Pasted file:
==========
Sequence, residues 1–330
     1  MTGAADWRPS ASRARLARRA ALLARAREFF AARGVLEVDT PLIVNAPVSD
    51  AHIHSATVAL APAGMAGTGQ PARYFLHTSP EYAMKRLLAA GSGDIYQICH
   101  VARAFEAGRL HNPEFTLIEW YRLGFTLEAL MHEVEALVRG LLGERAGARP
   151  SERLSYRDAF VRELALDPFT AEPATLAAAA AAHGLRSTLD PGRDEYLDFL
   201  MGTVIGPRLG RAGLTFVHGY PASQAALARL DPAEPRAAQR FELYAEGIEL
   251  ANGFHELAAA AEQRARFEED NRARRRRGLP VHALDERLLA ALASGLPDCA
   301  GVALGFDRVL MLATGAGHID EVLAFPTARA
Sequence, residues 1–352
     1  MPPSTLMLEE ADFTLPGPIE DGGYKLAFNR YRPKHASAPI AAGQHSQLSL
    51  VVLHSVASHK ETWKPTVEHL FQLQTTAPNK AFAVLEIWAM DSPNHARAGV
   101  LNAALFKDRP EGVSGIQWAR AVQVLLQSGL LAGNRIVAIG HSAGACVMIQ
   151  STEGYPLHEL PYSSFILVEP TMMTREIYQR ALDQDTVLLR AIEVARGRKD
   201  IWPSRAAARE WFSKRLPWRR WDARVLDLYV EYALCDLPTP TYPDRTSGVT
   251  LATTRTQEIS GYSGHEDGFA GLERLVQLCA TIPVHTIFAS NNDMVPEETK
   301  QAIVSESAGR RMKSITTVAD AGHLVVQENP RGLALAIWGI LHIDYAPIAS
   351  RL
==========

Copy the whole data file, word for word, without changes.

Sequence, residues 1–330
     1  MTGAADWRPS ASRARLARRA ALLARAREFF AARGVLEVDT PLIVNAPVSD
    51  AHIHSATVAL APAGMAGTGQ PARYFLHTSP EYAMKRLLAA GSGDIYQICH
   101  VARAFEAGRL HNPEFTLIEW YRLGFTLEAL MHEVEALVRG LLGERAGARP
   151  SERLSYRDAF VRELALDPFT AEPATLAAAA AAHGLRSTLD PGRDEYLDFL
   201  MGTVIGPRLG RAGLTFVHGY PASQAALARL DPAEPRAAQR FELYAEGIEL
   251  ANGFHELAAA AEQRARFEED NRARRRRGLP VHALDERLLA ALASGLPDCA
   301  GVALGFDRVL MLATGAGHID EVLAFPTARA
Sequence, residues 1–352
     1  MPPSTLMLEE ADFTLPGPIE DGGYKLAFNR YRPKHASAPI AAGQHSQLSL
    51  VVLHSVASHK ETWKPTVEHL FQLQTTAPNK AFAVLEIWAM DSPNHARAGV
   101  LNAALFKDRP EGVSGIQWAR AVQVLLQSGL LAGNRIVAIG HSAGACVMIQ
   151  STEGYPLHEL PYSSFILVEP TMMTREIYQR ALDQDTVLLR AIEVARGRKD
   201  IWPSRAAARE WFSKRLPWRR WDARVLDLYV EYALCDLPTP TYPDRTSGVT
   251  LATTRTQEIS GYSGHEDGFA GLERLVQLCA TIPVHTIFAS NNDMVPEETK
   301  QAIVSESAGR RMKSITTVAD AGHLVVQENP RGLALAIWGI LHIDYAPIAS
   351  RL